“The purpose for which the facility was designed has changed significantly over the years from hostel type care to nursing home care,” he said. “Initially residents had to be self-reliant, independent and require little or no nursing care. Today, most residents require high levels of personal care.

 “This will meet the needs of the current and future community.”

Meanwhile Frank said despite missing out on the Federal Government’s 2017-18 Aged Care Approvals Round, the project would be going ahead regardless.

“Naturally we were disappointed but we will be applying for government funding again if there is an opportunity provided through the next funding round,” he added.

However CGH hopes to meet Minister for Infrastructure and Transport and Gippsland MHR, Darren Chester, who launched the fundraising appeal for Stretton Park, to discuss further funding opportunities.

 

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World Hepatitis Day

Central Gippsland Health is actively promoting the fight against Hepatitis within our community.

 Project officer with the CGH Needle and Syringe Program, Glenn Strike, spoke about the issue to mark World Hepatitis Day on Friday July 28.

 Glenn said the day  had “huge significance” for every community as it promoted awareness of a virus that could affect everyone.

 “It remains hidden internally until liver damage or other symptoms occur,” Glenn said. “CGH is helping with the fight through the provision of free condoms, sterile injecting equipment and increasing public access to sharps disposal facilities.”

 Glenn said globally, more than 300 million people lived with Hepatitis, with types B and C being the most common.

 “While Australia has comparatively low rates of Hepatitis, it is estimated that there are just under half a million Australian sufferers with an almost equal split between types B and C,” he added. “Both types are spread through blood to blood contact and the type B virus is also spread through bodily fluids, which explains why the virus is universally successful in communities and environments that have low hygiene awareness.”

 Glenn said harm reduction through education was the greatest tool in the fight against Hepatitis. This can be achieved through improving community awareness of the importance of good personal hygiene, safe sexual practice and safe injecting techniques for those who inject prescribed medications or illicit drugs.

 “Using a condom is not just a form of contraception as it also prevents the spread of many infections, in particular Hepatitis B and C. Even simple safety measures such as not sharing a toothbrush or a razor can prevent accidental transmission of this virus.

 “More recently, informing people about the tremendously effective new Hepatitis C treatment has been crucial in helping to reduce this virus in Australia. Last year saw the introduction of a Hep C treatment on the PBS that has a 95 per cent success rate within a short two to three month period and significantly less side effects than previous treatments.”

 Glenn said following a GP consultation and a few tests, a Hepatitis C sufferer could now hope to improve their quality of life and longevity very quickly.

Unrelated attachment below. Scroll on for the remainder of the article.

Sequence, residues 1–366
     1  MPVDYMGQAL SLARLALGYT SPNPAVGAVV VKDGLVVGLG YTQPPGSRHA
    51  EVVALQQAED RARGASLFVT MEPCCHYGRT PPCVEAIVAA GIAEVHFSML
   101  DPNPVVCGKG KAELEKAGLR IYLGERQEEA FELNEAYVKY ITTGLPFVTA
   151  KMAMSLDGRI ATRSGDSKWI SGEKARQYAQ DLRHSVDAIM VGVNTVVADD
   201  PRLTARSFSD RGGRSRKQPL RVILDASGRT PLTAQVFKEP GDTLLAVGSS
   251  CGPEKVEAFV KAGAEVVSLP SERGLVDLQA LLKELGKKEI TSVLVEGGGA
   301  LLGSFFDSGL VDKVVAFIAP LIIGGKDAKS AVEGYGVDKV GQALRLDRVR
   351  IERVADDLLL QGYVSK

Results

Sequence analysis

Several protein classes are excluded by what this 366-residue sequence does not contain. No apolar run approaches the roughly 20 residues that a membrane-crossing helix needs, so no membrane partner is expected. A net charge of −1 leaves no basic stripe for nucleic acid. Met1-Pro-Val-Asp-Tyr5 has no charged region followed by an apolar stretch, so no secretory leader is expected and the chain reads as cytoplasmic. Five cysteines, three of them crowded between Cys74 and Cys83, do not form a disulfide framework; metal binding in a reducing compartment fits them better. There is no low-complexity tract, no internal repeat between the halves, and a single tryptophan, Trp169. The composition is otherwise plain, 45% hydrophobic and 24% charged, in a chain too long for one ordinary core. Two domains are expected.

“If you have any concerns about Hepatitis for yourself or others, you are encouraged to contact your GP to discuss treatment and support pathways.”

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Make a healthy choice

Signs 2.pngYou will notice some new signs up in the CGH Cafeteria. It’s all part of efforts to help people make healthier choices.

CGH has partnered with Alfred Health to install signage in its cafeteria to help staff and visitors identify which foods are healthier choices.

This signage has already been rolled out and evaluated in Alfred Health’s cafeteria.

CGH Chief Executive Officer, Frank Evans, said the results from the Alfred showed that with the addition of the new signage, people were making healthier choices.

“We are hoping it will have the same effect in the Sale hospital cafeteria,” Dr Evans said.

“With approximately 45,000 meals served through the cafeteria each year, we have the ability to make a difference to the health of our community by making the healthy choice the easy choice.”

A key recommendation of the CGH Health Plan 2012-2022 states ‘Healthy choices: food and drink guidelines for Victorian public hospitals (Healthy Choices) is fully implemented as a part of our primary prevention strategy to address cardiovascular disease and obesity’.

Frank said as a health service, it was essential CGH demonstrated leadership in health promotion and population health.  He said the aim was to make the healthy choice the easy choice through a number of initiatives.

“We are increasing the availability and promotion of healthier food and drink choices and reducing the availability and promotion of less healthy choices.”

Health Promotions Officer, Jessica Harkness, said all soft drinks from the cafeteria (including diet varieties) had been removed and introduced special healthy lunch events. “Meals with added fats, saturated fat and/or added sugar and/or added salt are no longer provided at functions as part of our new function catering menu,” she said.

New signage for all food and drink in the cafeteria categorises options available. This has been done with support from Alfred Health.